I have found ministry to be much like these rose bushes. There are times when the ministry is strikingly beautiful. When the Lord is clearly working in the lives of His people, it is stunning. And when the church is walking in unity and love and humility, it is pleasant for all around, especially for pastors, who get to enjoy the blessings that come.  “Behold, how good and pleasant it is when brothers dwell in unity!” (Psalm 133:1).

But, that’s not to say it is always this way. Whenever you live closely with others, sparks are sure to fly. Members sin against each other and tensions come among the believers. In Philippians 4:2 Paul urged two church members to get along, because they were not united.  Darts are often directed toward the leaders of the church. And they can be painful, like the thorns of the rose bush.

But, overall, I’m thankful that the joy has been much and the thorns have been few.




Have you ever driven by a field of sunflowers? The flowers of the plants are large and beautiful. Perhaps one of the most interesting things about sunflowers is that they follow the sun throughout the day. In the morning, the plants face east, where the sun rises. In the middle of the day, they face up toward the sky. In the evening, they face west, where the sun sets.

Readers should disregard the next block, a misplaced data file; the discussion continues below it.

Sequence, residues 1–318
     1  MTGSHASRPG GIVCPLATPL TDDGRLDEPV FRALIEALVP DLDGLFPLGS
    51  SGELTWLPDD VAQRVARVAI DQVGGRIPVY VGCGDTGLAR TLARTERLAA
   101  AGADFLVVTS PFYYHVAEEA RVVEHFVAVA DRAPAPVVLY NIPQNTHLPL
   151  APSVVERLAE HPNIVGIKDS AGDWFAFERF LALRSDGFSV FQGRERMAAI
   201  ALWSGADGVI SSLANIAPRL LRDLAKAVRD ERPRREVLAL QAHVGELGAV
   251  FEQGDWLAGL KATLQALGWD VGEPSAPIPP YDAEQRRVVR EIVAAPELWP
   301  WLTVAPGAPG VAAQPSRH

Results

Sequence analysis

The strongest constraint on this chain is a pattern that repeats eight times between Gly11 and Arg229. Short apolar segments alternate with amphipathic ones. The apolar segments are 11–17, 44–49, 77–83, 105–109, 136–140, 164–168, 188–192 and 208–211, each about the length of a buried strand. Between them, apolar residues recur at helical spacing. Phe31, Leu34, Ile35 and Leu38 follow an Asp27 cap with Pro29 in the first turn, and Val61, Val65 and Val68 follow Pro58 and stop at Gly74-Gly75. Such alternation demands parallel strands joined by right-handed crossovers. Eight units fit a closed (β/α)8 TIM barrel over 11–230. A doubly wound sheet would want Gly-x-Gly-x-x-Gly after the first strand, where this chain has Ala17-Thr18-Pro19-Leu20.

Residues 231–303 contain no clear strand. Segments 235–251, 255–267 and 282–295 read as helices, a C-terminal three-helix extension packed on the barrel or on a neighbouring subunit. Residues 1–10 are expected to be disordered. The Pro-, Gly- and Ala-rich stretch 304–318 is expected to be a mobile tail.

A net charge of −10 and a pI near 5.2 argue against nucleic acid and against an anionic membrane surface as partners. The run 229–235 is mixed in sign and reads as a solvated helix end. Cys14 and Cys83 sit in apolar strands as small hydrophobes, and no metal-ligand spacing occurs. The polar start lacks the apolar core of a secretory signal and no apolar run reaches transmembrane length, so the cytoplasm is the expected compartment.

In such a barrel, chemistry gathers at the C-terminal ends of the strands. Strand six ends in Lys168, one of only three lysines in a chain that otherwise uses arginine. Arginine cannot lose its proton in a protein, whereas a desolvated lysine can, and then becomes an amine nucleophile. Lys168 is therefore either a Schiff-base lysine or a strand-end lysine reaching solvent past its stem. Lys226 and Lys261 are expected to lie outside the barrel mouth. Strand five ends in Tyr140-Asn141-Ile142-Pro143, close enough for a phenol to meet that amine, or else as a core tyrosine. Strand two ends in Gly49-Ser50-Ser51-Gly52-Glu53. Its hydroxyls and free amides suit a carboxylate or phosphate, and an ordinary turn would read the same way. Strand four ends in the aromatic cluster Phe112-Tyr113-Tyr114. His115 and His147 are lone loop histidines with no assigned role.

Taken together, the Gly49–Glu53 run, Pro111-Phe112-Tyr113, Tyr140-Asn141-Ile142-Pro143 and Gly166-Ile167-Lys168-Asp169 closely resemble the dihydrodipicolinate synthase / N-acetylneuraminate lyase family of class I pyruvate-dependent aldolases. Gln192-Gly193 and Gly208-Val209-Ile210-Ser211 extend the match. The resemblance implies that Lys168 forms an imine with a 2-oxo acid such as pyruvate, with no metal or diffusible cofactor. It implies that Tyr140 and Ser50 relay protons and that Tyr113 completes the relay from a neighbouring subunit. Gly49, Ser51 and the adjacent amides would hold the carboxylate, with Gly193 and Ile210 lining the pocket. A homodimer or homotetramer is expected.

We can learn from sunflowers. However, rather than following the sun, we need to follow the Son. Wherever we see Jesus shining, we ought to be looking in that direction. “They looked to Him and were radiant” (Psalm 34:5).


Nothing Better?

Are you convinced that Jesus is better than anything? In Psalm 73, the Psalmist cried out, “Whom have I in heaven but You? And besides You, I desire nothing on earth?” (Ps. 73:25). Can you say that of Jesus?

Jesus, I desire you more than my checking account.
Jesus, I desire you more than my iPhone.
Jesus, I desire you more than my vacation.
Jesus, I desire you more than my movies.
Jesus, I desire you more than my Facebook.
Jesus, I desire you more than my food.
Jesus, I desire you more than my running.
Jesus, I desire you more than my health club.
Jesus, I desire you more than my sports team.
Jesus, I desire you more than my coffee.